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Drugs to control the movement of salt in the lungs of people with cystic fibrosis

Burrows EF, Southern KW, Noone PG
Published Online: 
9 April 2014

Usually salt is absorbed from liquid on the surface of the lungs to stop fluid building up there. In cystic fibrosis too much salt is absorbed and there is little liquid left on the airway surfaces. As a result people with cystic fibrosis have problems clearing their lungs of sticky secretions. Thus the lungs are left open to infection. Drugs applied directly to the lungs may prevent too much salt being absorbed. This may lead to better clearance of mucus and less lung infection and damage. The review includes five studies with a total of 226 participants. All studies looked at short-acting drugs applied directly to the lungs compared to placebo. When the results from three studies over six months were combined, the placebo group showed a slower rate of decline in forced vital capacity than the treatment group. However, each of these differed in their results. A further study showed that people receiving a sodium channel blocker before receiving hypertonic saline did not achieve better lung function or mucus clearance than those receiving placebo before hypertonic saline. We found no evidence that short-acting sodium channel blockers administered directly to the lungs improve respiratory status in people with cystic fibrosis. There was even some limited evidence of a decline in lung function. Trials of long-acting sodium channel blockers are ongoing.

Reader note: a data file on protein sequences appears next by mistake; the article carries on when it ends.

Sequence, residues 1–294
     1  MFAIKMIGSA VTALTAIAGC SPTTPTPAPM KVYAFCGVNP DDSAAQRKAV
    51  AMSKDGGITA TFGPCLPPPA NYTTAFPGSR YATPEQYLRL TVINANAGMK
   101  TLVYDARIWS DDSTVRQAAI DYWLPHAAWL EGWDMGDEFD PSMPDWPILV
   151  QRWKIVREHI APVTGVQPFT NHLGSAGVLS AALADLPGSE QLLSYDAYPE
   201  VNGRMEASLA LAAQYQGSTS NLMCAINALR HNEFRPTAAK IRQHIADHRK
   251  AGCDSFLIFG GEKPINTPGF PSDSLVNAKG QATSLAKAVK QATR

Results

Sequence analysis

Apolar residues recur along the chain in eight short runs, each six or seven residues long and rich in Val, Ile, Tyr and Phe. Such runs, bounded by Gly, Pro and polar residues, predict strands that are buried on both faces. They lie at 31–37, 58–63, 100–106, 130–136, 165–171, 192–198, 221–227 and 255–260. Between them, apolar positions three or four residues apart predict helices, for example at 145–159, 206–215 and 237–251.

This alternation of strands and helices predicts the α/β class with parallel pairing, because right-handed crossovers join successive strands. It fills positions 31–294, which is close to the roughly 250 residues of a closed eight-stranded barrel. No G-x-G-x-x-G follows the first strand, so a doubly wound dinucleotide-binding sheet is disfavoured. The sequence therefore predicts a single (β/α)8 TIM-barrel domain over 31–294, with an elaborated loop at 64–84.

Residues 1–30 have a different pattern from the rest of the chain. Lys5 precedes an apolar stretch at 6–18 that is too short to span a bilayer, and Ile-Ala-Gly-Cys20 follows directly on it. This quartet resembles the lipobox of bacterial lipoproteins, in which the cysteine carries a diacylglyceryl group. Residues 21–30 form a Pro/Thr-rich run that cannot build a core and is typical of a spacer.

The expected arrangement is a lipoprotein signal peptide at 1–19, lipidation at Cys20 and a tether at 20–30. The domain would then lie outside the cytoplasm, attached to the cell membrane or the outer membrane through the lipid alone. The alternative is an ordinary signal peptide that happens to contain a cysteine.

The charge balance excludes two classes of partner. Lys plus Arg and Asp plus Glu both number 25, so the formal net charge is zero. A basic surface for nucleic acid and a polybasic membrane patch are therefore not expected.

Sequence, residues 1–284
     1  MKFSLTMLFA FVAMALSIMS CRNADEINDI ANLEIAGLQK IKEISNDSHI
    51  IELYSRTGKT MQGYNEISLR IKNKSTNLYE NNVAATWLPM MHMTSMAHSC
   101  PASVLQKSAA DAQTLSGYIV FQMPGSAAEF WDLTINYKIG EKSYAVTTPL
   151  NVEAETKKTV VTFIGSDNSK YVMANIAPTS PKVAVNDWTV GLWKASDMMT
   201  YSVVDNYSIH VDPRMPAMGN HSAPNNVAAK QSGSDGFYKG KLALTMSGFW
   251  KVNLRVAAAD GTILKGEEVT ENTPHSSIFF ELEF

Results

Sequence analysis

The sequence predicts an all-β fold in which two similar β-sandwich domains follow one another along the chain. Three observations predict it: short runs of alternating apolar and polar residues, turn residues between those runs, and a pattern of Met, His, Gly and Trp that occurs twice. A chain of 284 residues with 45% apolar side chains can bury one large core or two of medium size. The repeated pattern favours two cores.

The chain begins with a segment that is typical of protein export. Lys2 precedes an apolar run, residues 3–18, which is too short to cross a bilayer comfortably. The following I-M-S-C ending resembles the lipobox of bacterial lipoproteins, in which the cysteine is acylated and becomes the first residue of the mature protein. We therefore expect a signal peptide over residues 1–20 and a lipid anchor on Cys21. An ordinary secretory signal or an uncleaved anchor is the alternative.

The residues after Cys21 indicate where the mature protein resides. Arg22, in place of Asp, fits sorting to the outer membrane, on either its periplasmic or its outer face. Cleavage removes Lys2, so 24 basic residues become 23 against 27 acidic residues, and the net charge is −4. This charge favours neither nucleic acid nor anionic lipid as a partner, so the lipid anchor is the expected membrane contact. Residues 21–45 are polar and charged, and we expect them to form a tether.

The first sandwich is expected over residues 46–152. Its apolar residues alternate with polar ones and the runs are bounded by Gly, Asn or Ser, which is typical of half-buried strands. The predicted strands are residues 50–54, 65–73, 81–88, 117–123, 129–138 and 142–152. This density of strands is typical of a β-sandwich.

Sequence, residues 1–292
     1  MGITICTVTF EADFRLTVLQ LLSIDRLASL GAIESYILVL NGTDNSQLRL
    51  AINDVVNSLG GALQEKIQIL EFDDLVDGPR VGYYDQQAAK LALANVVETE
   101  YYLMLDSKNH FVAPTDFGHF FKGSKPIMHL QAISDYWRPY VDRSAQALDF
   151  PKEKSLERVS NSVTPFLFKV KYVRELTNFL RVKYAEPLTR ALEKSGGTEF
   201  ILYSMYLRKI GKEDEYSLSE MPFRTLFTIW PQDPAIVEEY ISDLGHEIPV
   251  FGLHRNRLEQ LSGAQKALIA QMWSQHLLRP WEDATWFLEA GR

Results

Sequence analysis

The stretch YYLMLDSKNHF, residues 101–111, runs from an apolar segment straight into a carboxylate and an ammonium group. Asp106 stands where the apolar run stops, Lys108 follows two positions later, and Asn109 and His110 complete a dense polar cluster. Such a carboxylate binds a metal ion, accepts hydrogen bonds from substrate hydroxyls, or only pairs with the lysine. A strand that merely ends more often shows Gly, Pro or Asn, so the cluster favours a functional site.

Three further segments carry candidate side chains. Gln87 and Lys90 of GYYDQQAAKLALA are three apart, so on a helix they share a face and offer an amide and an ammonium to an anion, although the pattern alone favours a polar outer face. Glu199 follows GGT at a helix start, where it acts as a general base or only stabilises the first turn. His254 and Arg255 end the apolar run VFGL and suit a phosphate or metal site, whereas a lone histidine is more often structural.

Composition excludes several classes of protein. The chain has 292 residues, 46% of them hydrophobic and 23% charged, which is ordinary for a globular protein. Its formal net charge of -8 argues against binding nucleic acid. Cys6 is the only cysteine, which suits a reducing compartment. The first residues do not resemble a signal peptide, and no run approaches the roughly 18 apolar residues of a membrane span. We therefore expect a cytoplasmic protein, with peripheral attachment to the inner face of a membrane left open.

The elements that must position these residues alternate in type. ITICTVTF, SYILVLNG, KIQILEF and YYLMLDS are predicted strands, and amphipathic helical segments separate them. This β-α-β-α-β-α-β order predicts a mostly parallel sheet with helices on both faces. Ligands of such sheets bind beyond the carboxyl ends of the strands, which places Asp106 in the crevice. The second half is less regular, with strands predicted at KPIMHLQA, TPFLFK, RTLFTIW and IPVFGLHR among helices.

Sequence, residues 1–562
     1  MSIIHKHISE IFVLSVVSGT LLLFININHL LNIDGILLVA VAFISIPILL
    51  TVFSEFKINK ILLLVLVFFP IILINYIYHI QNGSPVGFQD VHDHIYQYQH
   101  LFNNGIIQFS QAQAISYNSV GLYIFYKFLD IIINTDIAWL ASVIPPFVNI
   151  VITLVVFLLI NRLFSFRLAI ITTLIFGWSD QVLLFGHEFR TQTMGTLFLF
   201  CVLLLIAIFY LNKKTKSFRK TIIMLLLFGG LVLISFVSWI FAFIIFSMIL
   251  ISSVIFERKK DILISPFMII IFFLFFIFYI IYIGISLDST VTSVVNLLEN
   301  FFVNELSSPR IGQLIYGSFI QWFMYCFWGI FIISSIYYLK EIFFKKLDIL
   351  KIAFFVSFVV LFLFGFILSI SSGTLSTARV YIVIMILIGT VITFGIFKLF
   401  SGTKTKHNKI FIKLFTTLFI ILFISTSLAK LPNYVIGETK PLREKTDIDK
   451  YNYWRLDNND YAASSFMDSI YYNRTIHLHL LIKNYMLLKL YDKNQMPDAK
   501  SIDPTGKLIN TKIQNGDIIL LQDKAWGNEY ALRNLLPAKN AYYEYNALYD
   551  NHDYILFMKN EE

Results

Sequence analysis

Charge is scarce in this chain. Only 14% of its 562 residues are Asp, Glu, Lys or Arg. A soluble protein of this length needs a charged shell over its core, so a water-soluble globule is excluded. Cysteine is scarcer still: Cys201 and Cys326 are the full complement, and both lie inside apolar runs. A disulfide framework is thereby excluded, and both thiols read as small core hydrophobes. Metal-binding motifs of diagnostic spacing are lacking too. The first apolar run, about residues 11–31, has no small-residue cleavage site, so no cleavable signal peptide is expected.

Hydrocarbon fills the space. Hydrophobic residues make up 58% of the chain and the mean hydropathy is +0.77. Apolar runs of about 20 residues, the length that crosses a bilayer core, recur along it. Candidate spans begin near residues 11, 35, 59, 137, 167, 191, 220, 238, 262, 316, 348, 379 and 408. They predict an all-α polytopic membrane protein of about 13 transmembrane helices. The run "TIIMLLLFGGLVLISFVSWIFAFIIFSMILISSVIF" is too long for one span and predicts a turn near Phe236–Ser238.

This record should be cited as: 
Burrows EF, Southern KW, Noone PG. Sodium channel blockers for cystic fibrosis. Cochrane Database of Systematic Reviews 2014, Issue 4. Art. No.: CD005087. DOI: 10.1002/14651858.CD005087.pub4
Assessed as up to date: 
3 April 2014